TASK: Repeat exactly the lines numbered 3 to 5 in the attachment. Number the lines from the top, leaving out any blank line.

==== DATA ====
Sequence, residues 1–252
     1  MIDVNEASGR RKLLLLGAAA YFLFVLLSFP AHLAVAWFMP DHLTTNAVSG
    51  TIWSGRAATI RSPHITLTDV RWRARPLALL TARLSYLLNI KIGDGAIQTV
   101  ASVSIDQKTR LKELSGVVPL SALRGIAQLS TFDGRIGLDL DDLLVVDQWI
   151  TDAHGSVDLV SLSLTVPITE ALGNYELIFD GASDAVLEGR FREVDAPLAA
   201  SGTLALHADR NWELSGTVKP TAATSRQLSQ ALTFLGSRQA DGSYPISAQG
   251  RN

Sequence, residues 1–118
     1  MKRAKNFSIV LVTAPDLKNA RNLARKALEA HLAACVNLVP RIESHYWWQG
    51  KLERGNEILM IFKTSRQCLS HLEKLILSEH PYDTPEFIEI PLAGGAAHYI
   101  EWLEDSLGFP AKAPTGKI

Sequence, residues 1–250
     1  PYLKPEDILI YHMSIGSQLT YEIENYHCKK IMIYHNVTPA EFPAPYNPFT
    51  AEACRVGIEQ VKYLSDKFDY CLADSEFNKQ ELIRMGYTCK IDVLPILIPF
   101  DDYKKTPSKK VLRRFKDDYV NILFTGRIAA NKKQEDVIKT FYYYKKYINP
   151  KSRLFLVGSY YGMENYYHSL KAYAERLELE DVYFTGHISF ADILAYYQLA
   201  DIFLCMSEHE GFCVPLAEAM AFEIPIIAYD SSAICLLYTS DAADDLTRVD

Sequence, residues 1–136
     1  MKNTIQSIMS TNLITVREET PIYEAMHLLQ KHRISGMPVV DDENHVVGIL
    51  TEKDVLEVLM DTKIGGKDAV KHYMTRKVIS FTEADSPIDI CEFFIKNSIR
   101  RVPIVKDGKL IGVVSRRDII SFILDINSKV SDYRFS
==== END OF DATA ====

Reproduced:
    51  TIWSGRAATI RSPHITLTDV RWRARPLALL TARLSYLLNI KIGDGAIQTV
   101  ASVSIDQKTR LKELSGVVPL SALRGIAQLS TFDGRIGLDL DDLLVVDQWI
   151  TDAHGSVDLV SLSLTVPITE ALGNYELIFD GASDAVLEGR FREVDAPLAA